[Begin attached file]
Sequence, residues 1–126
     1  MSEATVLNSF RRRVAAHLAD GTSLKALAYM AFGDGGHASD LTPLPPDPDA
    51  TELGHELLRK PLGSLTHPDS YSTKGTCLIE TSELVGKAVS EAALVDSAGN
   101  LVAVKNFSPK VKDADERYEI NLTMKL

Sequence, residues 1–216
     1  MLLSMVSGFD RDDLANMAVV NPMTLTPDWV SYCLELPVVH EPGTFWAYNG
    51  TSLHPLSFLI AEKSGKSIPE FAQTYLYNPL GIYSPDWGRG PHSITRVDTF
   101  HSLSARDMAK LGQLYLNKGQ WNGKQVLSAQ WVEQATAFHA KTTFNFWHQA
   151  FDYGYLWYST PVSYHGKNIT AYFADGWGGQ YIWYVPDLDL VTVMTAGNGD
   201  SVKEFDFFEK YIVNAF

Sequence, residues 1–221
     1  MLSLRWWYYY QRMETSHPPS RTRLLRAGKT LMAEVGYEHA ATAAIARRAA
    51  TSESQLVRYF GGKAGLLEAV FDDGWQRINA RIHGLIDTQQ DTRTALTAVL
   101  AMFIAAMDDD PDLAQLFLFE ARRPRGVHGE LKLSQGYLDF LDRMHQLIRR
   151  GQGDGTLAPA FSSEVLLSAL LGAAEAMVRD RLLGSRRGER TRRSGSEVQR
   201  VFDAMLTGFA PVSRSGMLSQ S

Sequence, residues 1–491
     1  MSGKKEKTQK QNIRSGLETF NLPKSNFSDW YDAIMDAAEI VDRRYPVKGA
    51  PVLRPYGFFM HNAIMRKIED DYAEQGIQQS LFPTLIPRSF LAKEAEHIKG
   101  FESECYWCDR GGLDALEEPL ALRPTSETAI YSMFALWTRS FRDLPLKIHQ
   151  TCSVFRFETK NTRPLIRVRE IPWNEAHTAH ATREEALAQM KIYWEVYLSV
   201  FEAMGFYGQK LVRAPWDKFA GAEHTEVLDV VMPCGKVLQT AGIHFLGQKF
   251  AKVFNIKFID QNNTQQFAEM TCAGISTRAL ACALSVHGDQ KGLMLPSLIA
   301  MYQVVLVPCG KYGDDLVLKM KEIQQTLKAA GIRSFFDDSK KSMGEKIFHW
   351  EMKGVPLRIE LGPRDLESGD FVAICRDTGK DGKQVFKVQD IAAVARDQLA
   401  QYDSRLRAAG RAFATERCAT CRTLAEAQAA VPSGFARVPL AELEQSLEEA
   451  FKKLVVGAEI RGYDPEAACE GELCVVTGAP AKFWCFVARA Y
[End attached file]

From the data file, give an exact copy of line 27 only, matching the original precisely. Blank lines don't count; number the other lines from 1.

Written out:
   451  FKKLVVGAEI RGYDPEAACE GELCVVTGAP AKFWCFVARA Y